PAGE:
Modern Ways of Dating the Universe. Martha P. Haynes Goldwin Smith Professor of Astronomy Cornell University. CAU Study Tour June 2014

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1 Modern Ways of Dating the Universe Martha P. Haynes Goldwin Smith Professor of Astronomy Cornell University CAU Study Tour June 2014

2 What does the night sky look like? The disk of the Milky Way, our galaxy

3 M81: a spiral galaxy like the Milky Way A galaxy is made up of billions of stars, dust, gas, and lots and lots of dark matter (which we don t understand at all!) G. Benintende/APOD

4 M81: a spiral galaxy like the Milky Way If this were the Milky Way, here is where the Sun would be G. Benintende/APOD

5 The Big Bang happened everywhere 13.8 billion years ago The history of the universe Now: the present epoch

6 From There to Here: How can we know this? L. Comolli (APOD) time Center for Cosmological Physics U Chicago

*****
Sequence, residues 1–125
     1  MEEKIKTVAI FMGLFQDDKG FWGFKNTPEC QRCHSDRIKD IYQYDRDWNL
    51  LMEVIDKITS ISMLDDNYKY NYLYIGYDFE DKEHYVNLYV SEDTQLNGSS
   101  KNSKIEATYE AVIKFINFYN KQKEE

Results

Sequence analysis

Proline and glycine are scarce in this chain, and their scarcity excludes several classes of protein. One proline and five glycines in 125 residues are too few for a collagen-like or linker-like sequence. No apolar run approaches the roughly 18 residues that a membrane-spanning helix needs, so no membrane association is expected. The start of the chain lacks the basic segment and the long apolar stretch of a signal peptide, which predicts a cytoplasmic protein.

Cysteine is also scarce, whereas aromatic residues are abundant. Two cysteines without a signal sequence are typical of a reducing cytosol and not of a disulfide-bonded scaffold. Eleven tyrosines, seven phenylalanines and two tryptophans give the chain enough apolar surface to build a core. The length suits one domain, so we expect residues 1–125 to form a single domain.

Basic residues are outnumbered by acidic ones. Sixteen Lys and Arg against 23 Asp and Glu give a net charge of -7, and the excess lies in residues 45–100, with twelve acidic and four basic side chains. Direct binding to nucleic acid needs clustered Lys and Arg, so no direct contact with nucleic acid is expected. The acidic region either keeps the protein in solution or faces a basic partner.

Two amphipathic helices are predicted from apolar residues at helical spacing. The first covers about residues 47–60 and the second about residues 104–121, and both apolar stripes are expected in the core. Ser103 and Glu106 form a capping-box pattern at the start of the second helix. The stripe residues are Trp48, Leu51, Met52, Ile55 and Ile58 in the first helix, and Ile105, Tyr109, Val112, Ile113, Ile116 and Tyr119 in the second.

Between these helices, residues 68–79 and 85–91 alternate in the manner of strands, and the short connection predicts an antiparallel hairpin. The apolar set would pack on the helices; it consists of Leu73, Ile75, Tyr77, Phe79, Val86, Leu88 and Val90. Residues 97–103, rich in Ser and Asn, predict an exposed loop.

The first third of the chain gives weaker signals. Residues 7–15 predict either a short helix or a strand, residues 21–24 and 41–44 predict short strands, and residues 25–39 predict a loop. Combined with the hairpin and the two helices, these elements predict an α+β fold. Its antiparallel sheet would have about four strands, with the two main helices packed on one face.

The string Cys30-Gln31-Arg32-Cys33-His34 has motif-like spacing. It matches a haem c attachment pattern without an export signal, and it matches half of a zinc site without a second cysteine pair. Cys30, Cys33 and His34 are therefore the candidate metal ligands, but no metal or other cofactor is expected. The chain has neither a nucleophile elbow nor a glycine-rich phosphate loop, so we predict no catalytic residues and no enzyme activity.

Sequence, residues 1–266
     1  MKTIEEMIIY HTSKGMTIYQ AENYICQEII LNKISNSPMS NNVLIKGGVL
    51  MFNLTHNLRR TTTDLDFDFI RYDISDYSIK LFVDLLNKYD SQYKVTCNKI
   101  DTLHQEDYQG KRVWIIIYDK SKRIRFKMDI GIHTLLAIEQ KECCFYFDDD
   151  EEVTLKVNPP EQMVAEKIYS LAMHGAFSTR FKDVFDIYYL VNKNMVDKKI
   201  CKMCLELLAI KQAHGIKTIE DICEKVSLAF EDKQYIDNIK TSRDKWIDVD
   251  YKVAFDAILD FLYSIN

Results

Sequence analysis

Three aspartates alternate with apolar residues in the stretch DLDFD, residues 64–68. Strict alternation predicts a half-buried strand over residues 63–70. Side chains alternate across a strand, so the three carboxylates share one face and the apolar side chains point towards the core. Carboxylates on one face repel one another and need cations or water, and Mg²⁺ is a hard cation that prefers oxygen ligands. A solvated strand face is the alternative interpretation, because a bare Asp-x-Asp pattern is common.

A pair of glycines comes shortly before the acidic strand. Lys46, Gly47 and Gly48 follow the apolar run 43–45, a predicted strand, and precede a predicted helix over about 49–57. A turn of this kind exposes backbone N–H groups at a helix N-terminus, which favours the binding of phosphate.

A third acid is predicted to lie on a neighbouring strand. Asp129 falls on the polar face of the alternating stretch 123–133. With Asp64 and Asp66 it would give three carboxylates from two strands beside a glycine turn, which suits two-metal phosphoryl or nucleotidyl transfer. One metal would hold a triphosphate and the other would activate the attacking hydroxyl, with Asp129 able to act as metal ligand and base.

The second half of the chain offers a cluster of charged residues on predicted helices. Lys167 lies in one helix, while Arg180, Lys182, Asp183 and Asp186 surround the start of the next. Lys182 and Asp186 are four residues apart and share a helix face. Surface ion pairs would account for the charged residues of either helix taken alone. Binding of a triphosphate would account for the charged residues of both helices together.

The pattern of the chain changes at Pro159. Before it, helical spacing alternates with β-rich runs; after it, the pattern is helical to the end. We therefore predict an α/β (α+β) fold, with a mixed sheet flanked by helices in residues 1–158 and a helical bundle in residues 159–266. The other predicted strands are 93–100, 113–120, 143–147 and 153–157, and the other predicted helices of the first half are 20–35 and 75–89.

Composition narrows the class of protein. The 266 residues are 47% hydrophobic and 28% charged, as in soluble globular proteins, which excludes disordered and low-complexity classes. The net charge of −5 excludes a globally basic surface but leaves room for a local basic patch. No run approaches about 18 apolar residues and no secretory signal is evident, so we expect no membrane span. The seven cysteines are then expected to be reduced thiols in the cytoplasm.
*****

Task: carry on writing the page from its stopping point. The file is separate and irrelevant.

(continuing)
7 Cosmological models How did the structures we see today form and evolve? Do our models predict this behavior? Can they give us any insight into what is going on? Is there enough time for stars/galaxies to form? time

8 How old is the universe? Light travels at a finite speed! 186,000 miles per second or 300,000 kilometers per second or 670,616,629 miles per hour When we view a distant galaxy, we see light that left that galaxy billions (and billions) of years ago. Observing the distant universe allows us to observe the universe at an earlier age in its history. Hubble extreme Deep Field NASA The universe must be older than the light travel time of the most distant object we can see.

9 Looking out is looking back The time it takes light to travel from a distant object to us depends on the geometry of the universe longer path shorter path In order to know the light travel time, we must know the geometry The geometry depends on the amount of matter (baryonic and dark) and dark energy(!)... A quick review

10 What is the Geometry of cosmic space? It depends on the density of its matter+energy contents A high density Universe has POSITIVE curvature A low density Universe has NEGATIVE curvature A Universe with zero curvature, said to be FLAT, has critical density